The cyberbullying-induced suicide of Massachusetts teen Phoebe Prince in March put cyberbullying back in the spotlight. Parents need to talk to their kids, not only about what to do if they are cyberbullied themselves but also how to stop it from happening to their peers and how to avoid becoming cyberbullies themselves.
Cyberbullying is any form of harassment, humiliation, or abuse that takes place using technology and Internet connectivity. It can, and often does, start with seemingly innocuous things like fowarding an embarrassing picture of a classmate or leaving an off-the-cuff mean comment on someone’s Facebook Wall. It can escalate to more serious offenses like impersonating someone else on the Internet or setting up a website designed to make fun of them.
If your child is involved in MySpace or Twitter, participates in social gaming, has a camera phone with texting capabilities, or uses photo sharing sites, then you need to have a conversation about the importance of refusing to contribute to cyberbullying in any form.
The truth is that not all cyberbullies are bad kids. The anonymity of the Internet, combined with the tendency of teens to “join in” when they see their peers doing something, can lead to poor Internet choices that can hurt others. We give teens and tweens an enormous amount of technology to handle, sometimes before they have the maturity and impulse control necessary to use it responsibly.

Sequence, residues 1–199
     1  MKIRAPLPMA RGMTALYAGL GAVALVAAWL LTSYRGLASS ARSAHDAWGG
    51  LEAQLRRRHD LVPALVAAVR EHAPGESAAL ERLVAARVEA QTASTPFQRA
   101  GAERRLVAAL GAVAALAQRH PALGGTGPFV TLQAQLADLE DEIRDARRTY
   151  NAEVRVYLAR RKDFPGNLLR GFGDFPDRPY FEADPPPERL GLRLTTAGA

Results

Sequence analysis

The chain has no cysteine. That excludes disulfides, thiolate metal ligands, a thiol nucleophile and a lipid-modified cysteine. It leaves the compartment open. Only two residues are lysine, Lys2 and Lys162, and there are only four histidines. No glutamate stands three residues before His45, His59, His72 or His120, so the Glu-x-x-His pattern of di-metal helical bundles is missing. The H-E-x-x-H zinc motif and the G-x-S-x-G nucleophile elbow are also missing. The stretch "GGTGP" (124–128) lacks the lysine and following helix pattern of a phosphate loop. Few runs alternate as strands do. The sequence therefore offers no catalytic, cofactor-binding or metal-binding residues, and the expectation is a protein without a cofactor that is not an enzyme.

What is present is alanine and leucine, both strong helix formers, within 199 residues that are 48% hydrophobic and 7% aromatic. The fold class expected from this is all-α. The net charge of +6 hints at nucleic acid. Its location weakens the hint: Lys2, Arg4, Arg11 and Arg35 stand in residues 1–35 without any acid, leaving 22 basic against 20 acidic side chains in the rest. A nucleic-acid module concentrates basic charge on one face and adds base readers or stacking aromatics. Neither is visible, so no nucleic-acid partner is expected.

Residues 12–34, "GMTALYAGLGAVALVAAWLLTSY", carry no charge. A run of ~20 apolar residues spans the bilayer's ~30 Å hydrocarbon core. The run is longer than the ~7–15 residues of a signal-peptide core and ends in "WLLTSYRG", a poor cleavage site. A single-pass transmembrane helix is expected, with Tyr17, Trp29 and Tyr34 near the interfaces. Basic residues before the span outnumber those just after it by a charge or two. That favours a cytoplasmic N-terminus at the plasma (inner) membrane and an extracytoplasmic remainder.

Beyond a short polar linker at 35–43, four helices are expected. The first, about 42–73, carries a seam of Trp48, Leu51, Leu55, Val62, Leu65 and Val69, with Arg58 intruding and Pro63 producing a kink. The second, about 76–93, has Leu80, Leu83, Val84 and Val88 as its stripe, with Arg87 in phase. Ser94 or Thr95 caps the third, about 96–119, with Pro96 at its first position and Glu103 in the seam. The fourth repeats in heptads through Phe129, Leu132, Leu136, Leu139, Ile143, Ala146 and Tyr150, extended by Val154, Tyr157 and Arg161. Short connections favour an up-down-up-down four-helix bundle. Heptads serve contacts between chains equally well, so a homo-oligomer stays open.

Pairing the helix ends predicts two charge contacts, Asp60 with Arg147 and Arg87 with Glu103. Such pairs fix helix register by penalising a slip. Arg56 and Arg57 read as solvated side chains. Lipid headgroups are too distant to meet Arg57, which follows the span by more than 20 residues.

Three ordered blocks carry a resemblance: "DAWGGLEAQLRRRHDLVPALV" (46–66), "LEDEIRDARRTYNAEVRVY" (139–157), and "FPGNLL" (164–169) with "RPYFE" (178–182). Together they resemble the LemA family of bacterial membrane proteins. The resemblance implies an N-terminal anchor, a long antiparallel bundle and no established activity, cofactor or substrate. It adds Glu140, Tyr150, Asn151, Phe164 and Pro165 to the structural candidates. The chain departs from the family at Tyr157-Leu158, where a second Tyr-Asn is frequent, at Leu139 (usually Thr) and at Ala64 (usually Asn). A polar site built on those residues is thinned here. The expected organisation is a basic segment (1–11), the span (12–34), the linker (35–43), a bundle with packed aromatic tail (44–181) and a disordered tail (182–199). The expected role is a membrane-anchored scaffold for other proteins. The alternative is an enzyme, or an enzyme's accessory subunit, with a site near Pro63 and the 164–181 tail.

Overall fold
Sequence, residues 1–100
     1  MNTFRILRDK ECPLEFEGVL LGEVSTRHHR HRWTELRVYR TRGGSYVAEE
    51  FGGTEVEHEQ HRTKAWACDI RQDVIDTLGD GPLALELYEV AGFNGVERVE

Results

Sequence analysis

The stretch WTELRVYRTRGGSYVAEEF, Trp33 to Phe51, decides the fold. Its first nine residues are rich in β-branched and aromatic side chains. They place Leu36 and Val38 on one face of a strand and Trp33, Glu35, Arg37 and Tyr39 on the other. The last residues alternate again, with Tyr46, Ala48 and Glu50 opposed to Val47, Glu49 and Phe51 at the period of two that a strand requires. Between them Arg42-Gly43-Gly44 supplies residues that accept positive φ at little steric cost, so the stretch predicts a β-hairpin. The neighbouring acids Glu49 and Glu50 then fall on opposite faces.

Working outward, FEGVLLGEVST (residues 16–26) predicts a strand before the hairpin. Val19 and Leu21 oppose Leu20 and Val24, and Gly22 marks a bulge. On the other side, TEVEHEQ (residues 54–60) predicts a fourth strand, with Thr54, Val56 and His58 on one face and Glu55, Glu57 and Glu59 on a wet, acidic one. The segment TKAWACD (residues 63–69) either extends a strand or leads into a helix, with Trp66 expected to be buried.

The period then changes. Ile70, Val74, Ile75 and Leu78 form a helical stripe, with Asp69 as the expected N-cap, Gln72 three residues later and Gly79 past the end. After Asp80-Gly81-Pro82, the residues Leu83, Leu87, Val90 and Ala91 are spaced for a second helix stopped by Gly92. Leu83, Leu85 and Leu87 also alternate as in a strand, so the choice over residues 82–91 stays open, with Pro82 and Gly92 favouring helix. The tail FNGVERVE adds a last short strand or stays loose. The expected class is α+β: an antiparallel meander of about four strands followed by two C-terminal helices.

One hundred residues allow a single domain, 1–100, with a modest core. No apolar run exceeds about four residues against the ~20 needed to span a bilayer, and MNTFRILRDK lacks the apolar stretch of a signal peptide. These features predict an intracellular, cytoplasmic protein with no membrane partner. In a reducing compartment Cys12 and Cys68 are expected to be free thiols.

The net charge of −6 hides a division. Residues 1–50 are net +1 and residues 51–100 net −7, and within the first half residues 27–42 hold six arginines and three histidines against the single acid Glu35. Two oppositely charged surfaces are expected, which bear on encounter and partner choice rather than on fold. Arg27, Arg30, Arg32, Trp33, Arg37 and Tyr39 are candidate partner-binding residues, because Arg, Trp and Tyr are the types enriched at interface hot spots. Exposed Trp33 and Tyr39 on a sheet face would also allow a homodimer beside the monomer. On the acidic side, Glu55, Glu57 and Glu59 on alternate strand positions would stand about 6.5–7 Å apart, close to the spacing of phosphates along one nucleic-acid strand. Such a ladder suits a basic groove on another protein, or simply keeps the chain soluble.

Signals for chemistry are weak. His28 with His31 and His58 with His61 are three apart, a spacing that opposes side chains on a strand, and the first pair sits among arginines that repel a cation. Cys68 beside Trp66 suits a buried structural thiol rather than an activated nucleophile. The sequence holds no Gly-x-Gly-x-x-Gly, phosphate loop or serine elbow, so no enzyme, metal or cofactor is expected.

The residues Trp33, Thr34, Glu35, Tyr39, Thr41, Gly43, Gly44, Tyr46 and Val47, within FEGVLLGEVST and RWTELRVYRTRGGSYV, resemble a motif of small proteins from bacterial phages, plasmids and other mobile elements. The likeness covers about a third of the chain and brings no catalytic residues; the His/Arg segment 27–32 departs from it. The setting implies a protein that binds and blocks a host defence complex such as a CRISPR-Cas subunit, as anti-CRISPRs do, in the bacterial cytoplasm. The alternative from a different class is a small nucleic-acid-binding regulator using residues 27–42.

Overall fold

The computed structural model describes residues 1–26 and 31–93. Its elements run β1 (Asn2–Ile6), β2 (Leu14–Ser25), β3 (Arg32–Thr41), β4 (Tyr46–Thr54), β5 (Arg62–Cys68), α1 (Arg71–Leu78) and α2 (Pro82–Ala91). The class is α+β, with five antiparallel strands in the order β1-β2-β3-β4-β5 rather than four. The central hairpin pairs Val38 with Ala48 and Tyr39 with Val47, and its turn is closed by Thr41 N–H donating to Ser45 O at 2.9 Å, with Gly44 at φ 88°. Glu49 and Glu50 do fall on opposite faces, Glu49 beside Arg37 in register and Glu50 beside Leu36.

Impress upon your child that even though it feels like you’re only typing or texting, some online actions can cause real-world damage. Before saying or doing something online that involves another person, teens should ask themselves:
- Would I be embarrassed if my parent found out I was doing this?
- Would I still do this if an adult was looking over my shoulder?
- How would I feel if I was the subject of this particular email, text, or picture?
- Is this violating someone’s privacy?
If your child is aware of cyberbullying in their school, then let them know they are in a very powerful position to help stop it. They can report abuse to their school or local authorities, offer support to the victim, and most importantly, not contribute to further cyberbullying. As long as cyberbullies feel social approval from others, the abuse will continue.
Every parent with a child connected to the Internet needs to talk about cyberbullying, and it needs to be an ongoing conversation rather than a one-time event. Talking about your family’s standards for using technology can never hurt, and it could even prevent your child from contributing to or encouraging perpetrators of cyberbullying.
-Article Contributed by Jenny Evans